|ArchiCampers visit the Lankford Farm on June 26. The bridge that inspired this year's camp theme was the bridge on this property. |
Photo credit: Emily Metheny
"ArchiCamp has been around for at least ten years and has been done across the state," said Raina Regan, a community preservation specialist for Indiana Landmarks. The program was establish through the organization, but local preservation organizations host the camp in local communities.
ArchiCamp has a different theme every year, but the focus is always local. The camp uses Martinsville's history and culture as a classroom, Regan said. This year's topic was farms, barns and how they are important to Morgan County.
“It's all about teaching the kids about the history, about historic preservation," said Joanne Stuttgen, Morgan County Historical Preservation Society. "I think a lot of it is to do with pointing out something to them that they have seen a million times and not thought much about it."
The two day camp was filled with games, art, crafts, learning, and traveling. ArchiCamp uses Martinsville's assets like teachers in training and local artists, Stuttgen said.
|Local artist Suzanne Lawler teaches campers how to draw 3-D structures in preparation of the cardboard barns they would be building that afternoon. Photo credit: Emily Metheny|
Using local resourcesWith the help of local artist Suzanne Lawler, students learned how to draw 3-D barns that they would later build out of cardboard. Stuttgen said kids love building out of cardboard and thinks that's one reason they keep coming back.
“We have kids here who have been here for four years in a row to ArchiCamp and every year it's modeled pretty much the same way, and we do the same activities but they don't seem to mind," Stuttgen said. "In fact, that may be one of the reasons they keep coming back because they are anticipating building out of cardboard again.”
Another art projects the kids did was at the Lankford Farm the following day. Artist Ann Lankford led the campers in painting farm scenes on little gourds. The kids were encouraged to be creative but keep the them accurate within the time periods they chose.
Since it's creation, ArchiCamp has held camps over general architecture, masonry, downtown commercial architecture, bridges and engineering, and farming and barns. The idea for this year's camp came from last year's field trip. When the group visited an old farm to see a historic bridge, the kids were interested in the barns and animals as well, and Stuttgen said she realized they were missing something. That's how this year's topic was chosen.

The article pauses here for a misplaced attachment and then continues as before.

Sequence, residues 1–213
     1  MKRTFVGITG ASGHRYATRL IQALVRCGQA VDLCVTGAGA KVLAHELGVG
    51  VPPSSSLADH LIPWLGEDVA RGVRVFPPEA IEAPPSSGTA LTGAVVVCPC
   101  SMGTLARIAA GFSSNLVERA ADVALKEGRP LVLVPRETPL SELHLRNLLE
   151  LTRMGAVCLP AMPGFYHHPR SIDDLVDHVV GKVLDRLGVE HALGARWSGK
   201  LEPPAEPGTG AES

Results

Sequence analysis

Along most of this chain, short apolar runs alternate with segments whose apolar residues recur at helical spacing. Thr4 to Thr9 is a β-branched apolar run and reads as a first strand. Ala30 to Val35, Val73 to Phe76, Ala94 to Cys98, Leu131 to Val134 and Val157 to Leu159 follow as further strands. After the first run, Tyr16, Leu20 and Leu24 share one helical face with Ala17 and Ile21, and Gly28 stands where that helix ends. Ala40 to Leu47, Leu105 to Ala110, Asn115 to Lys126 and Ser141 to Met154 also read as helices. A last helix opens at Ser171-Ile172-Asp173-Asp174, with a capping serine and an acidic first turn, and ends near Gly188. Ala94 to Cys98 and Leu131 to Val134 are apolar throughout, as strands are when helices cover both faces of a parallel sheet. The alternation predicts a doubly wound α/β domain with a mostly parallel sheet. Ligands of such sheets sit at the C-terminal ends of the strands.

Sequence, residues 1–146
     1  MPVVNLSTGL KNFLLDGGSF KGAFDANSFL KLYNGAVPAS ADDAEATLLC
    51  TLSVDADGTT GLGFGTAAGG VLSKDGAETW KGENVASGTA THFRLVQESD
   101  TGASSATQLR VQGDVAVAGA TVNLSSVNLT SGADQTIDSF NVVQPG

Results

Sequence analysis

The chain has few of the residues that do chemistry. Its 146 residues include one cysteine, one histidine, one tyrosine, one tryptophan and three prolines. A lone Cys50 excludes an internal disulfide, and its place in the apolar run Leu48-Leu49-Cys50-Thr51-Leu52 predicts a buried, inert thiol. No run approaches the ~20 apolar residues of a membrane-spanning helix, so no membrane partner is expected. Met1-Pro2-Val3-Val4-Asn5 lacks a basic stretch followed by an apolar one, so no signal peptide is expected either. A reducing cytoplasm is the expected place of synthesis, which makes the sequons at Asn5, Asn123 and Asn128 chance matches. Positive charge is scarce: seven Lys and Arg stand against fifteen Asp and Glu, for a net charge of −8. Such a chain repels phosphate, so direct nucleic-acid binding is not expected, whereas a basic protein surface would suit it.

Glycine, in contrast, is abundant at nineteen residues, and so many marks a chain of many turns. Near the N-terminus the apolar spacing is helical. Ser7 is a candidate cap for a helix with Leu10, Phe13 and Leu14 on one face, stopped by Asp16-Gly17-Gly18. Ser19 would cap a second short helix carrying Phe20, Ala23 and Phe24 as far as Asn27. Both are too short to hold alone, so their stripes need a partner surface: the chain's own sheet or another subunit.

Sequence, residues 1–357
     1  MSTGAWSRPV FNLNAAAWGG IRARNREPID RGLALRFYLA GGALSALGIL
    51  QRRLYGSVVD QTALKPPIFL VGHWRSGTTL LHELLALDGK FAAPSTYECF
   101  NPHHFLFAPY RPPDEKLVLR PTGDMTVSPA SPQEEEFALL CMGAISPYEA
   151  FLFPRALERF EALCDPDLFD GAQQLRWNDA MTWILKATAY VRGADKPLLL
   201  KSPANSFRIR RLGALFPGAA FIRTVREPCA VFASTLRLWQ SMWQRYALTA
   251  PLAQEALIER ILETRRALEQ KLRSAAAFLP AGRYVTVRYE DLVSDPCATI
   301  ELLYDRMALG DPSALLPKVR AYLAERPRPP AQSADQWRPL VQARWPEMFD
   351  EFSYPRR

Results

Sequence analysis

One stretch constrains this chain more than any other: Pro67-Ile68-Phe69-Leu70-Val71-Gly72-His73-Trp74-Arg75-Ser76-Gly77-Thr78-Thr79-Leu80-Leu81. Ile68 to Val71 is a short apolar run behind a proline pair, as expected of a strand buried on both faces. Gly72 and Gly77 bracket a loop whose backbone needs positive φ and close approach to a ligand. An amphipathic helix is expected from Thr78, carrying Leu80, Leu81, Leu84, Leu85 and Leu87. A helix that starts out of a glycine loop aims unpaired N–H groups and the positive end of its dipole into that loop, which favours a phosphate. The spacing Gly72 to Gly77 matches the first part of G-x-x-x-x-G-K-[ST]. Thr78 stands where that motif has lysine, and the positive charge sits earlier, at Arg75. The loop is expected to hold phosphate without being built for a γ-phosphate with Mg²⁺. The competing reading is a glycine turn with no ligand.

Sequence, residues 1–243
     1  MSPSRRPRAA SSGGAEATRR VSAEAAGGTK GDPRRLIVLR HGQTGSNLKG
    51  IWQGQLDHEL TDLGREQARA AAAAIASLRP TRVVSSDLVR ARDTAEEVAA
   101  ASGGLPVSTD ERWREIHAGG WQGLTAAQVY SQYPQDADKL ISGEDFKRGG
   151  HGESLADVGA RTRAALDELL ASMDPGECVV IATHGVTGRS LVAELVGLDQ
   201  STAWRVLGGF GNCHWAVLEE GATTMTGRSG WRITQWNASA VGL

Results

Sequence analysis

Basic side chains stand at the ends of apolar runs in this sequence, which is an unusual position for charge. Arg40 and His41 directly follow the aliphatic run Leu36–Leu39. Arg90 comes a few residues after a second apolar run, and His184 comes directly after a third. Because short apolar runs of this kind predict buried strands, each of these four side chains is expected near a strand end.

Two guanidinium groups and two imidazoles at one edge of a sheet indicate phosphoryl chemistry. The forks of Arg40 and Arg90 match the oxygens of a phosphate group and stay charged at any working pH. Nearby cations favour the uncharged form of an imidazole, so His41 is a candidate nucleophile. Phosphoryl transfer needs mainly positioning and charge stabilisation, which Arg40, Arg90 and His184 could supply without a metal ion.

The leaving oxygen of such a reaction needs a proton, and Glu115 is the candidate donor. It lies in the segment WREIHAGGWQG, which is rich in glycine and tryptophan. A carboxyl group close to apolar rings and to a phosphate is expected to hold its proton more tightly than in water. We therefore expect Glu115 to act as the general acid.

Next year, the camp may be going back to its roots with general architecture in downtown Martinsville, Stuttgen said.
"Most of the kids live in Martinsville and probably pass through downtown several times a week if not several times a day," Stuttgen said. "It’s something familiar, but they get to see it in a whole different, more intimate way."
|Ron Burnett tells campers about the history of his farm, including how the building in the background was once a schoolhouse. Photo credit: Emily Metheny|
Building future architects and preservationistsDuring one of the early years, Stuttgen said she gave out sheets of paper full of architectural elements and information and had kids match the details with buildings in downtown. The next year, she used the sheets again, and one of the campers from the previous year came back and was pointing out all the elements.
"He was going, ‘that’s that’ and ‘that’s that’ and we were going like, ‘how do you know that?’ I mean, it was amazing. He was like, 'I was here last year,'" Stuttgen said. "He remembered it a whole year and was able to tell those pretty detailed elements the second year, and then he said, 'I want to be an architect.' And I thought 'ok, that’s how all of this works.'"
Emily Irvin, a Franklin College senior elementary education major, has been helping with the camp for two years. She said she got involved because ArchiCamp allows kids to learn about science and history while still being creative.
"One of my favorite memories was actually last year with the bridges. I worked with a kid one-on-one while he was building his bridge and his creativity astounded me," Irvin said. "All of these things he was putting into the bridge, it was really great."
There's still interest in ArchiCamp, Stuttgen said. Siblings of campers have been coming, and kids are asking for the camp to be longer.
"ArchiCamp is fun. As someone who works in historic preservation, I’m normally dealing with those who are 21 and up for most of my year so to have an opportunity to engage with students 8-12 who are passionate and interested in architecture and may be future preservationists, to me, is very promising and optimistic," Regan said. "I think it’s a program that Indiana Landmarks continues to see value in and building future preservationists."
And the children are getting it.
"One of the students back this year said to me, 'why are there not more camel back bridges,' and I said 'well, they are hard to maintain' and gave him some reasons. 'Well, they should be maintained. They are important. They should be preserved,'" Regan said. "As a preservationist, I was really excited about that because it meant that they understood that these were limited resources, calling attention to them, and they understood there is something that we are trying to get them understand that we want them to be advocates for preservation in the future as well."
|ArchiCampers pose for a photo while visiting the Burnett's Farm on June 25. Photo credit: Emily Metheny|
Want to help ArchiCamp for future campers?
Donations to ArchiCamp can be made through the community foundation's website. Make your Dollar 4 Dollar matching grant donation today to support CFMC Impact Grants.